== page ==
Researchers from Columbia Engineering and Columbia University Medical Center have created a new method that can target delivery of small volumes of drugs into the lungs. According to HealthCanal, the approach, which involves micro-liters of liquid containing a drug instilled into the lung and distributed as a thin film in the predetermined area of the lung airway and absorbed locally, may provide a more effective treatment for lung disease. The news report notes that lung diseases could be more effectively treated if the selected drug could be delivered locally to the lung site and at the exact dose needed for treatment.
The primary challenge for the researchers was the complexity of the lung structure that provides the vital function oxygen and carbon dioxide exchange with the blood. Jinho Kim, a postdoctoral fellow, studied liquid plugs in simple glass tubes and developed a mathematical model describing liquid transport process in each generation of the airway tree, which was used to determine the liquid plug volume and the parameters of programmed ventilation for delivery into a specific lung region.
The HealthCanal news report indicates the model predictions were confirmed by demonstrating targeted fluid film deposition in ventilated lungs.
Kim states, “Liquid instillation has been used for providing lung surfactant to the entire lungs in premature infants who cannot produce enough surfactant to breathe normally. Although liquid instillation has great therapeutic potential, its applications have been unexplored, largely because of limited understanding of the liquid transport in the lung airways. We are very excited about the implications of our work.”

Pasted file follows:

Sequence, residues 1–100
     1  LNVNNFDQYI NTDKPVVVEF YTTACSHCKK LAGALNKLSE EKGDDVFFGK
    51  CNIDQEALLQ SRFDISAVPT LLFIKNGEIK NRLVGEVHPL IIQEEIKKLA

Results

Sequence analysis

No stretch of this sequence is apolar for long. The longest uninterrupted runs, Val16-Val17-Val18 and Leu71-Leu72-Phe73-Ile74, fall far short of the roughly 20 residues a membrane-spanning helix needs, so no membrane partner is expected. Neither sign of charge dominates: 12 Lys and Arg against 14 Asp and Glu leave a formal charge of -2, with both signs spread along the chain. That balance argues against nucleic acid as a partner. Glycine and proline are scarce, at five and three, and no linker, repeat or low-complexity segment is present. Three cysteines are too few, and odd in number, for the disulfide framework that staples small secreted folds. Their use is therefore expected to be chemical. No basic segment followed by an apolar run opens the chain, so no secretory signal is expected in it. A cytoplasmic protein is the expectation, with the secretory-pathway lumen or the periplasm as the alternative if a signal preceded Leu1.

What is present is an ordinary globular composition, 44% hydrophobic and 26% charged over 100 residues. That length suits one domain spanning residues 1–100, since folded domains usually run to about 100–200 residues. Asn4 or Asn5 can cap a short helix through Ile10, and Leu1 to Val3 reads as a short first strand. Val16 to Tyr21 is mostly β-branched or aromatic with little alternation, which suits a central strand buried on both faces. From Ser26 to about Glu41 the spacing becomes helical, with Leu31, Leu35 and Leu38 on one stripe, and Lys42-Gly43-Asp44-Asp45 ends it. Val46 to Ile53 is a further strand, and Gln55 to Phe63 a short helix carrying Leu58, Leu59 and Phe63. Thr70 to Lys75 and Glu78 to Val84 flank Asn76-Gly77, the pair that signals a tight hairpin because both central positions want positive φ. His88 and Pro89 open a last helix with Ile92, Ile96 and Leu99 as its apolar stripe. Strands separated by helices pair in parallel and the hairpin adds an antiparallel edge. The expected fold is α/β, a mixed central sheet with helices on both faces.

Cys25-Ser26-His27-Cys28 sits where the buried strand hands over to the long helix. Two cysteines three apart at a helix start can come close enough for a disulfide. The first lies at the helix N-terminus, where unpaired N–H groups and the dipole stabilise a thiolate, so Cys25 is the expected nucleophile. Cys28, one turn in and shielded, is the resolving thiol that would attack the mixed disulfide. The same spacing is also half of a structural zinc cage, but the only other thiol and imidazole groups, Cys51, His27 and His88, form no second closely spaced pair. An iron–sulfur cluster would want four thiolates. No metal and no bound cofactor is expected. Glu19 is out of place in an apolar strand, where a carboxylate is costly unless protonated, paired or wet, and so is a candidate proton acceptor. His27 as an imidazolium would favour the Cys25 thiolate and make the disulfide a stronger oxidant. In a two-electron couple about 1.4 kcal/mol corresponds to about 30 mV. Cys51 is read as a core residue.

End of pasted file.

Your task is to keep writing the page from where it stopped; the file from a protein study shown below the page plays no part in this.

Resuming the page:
Next, the researchers plan to demonstrate treatment of lung diseases such as cystic fibrosis by delivering pulmonary drugs using their liquid instillation approach, according to HealthCanal.
Gordana Vunjak-Novakovic, lead author of the study, says, “We envision that our micro-volume liquid instillation approach will enable predictable drug concentrations at the target site, reducing the amount of drug required for effective disease treatment with significantly reduced side effects.”
“We are fascinated by the opportunities that bioengineering approaches offer to more effectively treat lung disease,” Vunjak-Novakovic adds. “Four years ago, we started research of lung regeneration using stem cells and bioengineering methods. And we continue to work with our clinical colleagues to develop new treatment approaches for treating lung disease.”